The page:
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Hawthorn University

Does anybody have any information on Hawthorn University?

Thank you,



Eta, Check out this thread

Check out this thread for some info from members on Hawthorn and some other schools:

We are working on the school comparison tool for the website so we'll have a lot more detail on Hawthorn and dozens of other schools then, but it is probably about 2 months away from being up and ready for use. In the meantime, for general info about schools and related issues, there are several threads at NutritionCircle you should definitely check out if you haven't already:
and any others in the Nutrition Training forum.

If you are looking to practice, my first suggestion for you is to get 100% clarity on the practice/licensing requirements for your state, and any other state you envision yourself potentially practicing in (see first link above). Many states require certain types of degrees and only from certain types of schools.

Some "natural minded" options that generally seem to be well regarded include AHSU, Hawthorn, Clayton, Bastyr, Bridgeport and others.


Submitted by MichaelS on 1 May, 2008

Eta, I have personally looked


I have personally looked into Hawthorn University, in reference to their programs. There is a lot to consider, as you may well be aware, when choosing any college or university and a specific program. I will encourage you to consider some very key points. These points will stem from my own personal experience and what I have seen with others, in the field and politically.

Your personal goals and present state: Look at where you are currently in life. Ask yourself, what do I want to accomplish in my life; how can I get there (educationally, with emphasis on state requirements, self-confidence, financial support, etc). What would you like to contribute to yourself and family, society and/or community?

Hawthorn University has wonderful program descriptions that are holistically based. They will place a great deal of focus on the importance of supporting the body's natural biochemistry. It will look at the environmental factors, personal lifestyle habits and practices, genetics, etc. This is obvious from the course descriptions; however you will want to make personal contact with the school, its professors, etc. to see how they respond to you, time managements, etc. For example, I was previously enrolled in a non-traditional doctoral program. I researched the programs, looked at the course descriptions, spoke with administrative staff, reviewed the mission statement of the school. However, I just withdrew from this university because I found that it was not best for me. Once I got on the inside of the program, I found that there was lack in communication, terrible time management (frequent delay in response to emails, phone calls, return of grades, etc). This was very difficult for ME! After several emails to the Dean, and his replies of apology and statements of "we will do better," with no improvements, I decided to withdraw. So, you really have to look at the school, then see how it fits you. I believe the school that I was enrolled in is a great school with wonderful programs, but it was not suitable for online learning for me. You will have to look at how the school benefits you, and how its short-comings weigh when compared to the overall picture.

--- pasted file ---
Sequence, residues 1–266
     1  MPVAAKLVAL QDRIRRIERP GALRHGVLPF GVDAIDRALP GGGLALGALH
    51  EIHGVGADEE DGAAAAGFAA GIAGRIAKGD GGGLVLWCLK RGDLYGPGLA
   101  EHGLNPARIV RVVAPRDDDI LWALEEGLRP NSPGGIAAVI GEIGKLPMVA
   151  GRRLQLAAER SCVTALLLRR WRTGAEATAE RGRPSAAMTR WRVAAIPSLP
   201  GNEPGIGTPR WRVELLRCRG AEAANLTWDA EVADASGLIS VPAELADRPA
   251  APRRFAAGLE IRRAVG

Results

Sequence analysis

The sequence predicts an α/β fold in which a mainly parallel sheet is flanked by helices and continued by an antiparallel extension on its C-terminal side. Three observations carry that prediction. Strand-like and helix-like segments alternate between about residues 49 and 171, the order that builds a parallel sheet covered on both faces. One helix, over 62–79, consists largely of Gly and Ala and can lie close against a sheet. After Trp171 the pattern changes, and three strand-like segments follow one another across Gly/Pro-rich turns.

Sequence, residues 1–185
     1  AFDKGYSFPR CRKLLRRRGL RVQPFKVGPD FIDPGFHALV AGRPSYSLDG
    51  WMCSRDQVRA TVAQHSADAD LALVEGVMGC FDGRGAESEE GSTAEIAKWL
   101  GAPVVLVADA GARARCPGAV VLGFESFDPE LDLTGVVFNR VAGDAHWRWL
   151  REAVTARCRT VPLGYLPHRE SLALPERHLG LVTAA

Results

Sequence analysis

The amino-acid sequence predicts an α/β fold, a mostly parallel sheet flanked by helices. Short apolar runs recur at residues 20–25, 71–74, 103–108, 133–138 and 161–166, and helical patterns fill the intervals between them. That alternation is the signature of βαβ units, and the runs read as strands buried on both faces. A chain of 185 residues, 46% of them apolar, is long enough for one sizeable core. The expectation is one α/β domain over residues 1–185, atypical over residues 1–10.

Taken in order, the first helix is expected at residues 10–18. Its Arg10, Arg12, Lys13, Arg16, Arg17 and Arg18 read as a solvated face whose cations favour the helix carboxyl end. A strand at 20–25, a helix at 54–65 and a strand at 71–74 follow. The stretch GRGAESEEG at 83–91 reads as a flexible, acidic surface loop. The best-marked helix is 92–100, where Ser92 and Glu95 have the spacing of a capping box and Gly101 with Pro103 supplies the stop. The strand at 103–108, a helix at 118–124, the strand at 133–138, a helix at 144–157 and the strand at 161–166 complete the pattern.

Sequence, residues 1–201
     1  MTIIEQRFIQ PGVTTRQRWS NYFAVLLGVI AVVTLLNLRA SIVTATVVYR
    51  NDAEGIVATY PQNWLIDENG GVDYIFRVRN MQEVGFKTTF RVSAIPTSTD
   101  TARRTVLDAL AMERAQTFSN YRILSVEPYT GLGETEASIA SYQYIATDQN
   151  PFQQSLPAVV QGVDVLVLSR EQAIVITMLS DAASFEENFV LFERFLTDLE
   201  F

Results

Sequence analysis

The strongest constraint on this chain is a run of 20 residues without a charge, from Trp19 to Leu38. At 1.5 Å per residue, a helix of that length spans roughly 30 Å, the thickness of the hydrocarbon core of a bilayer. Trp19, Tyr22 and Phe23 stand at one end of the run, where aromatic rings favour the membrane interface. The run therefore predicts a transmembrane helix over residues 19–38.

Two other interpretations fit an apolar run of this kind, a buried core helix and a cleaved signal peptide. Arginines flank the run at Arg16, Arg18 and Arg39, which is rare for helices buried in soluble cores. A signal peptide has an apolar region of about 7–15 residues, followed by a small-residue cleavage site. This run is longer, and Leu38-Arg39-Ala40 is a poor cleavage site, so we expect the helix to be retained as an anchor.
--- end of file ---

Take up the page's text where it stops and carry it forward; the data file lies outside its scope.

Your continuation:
Financial support is important. A lot of schools that are not U.S. Deparment of Education accredited do not provide federal governmental support, (Pell Grant, etc). This is important for many students. However, some of these schools do have other options that may suit your needs, regarding paying for tuition expenses, books, etc. Please check this out! You would hate to spend out-of-pocket fees that may put you in a hole.

Ask yourself if you are considering self-employment, business ownership, etc. If you are, then how do you believe your community will respond to your educational experience with this school. Or, will you be seeking employment with a full-benefit package? If so, then some jobs require that coursework be from accredited universities with implications of U.S. Department of Education. Other jobs may accept and honor your education, but may not provide benefits -- this may be important to you or may not, but again, look at your goals.

Hope this helps! Please feel free to ask more questions at any time!


Submitted by LaKeisha J. Cole (not verified) on 10 May, 2008

LaKeisha, thank you very much


thank you very much for all the detailed information. I can start to do my homework now.



Submitted by Eta on 11 May, 2008

Thank you Michael, I will

Thank you Michael,

I will check the links you suggested and start from there.



Submitted by Eta on 11 May, 2008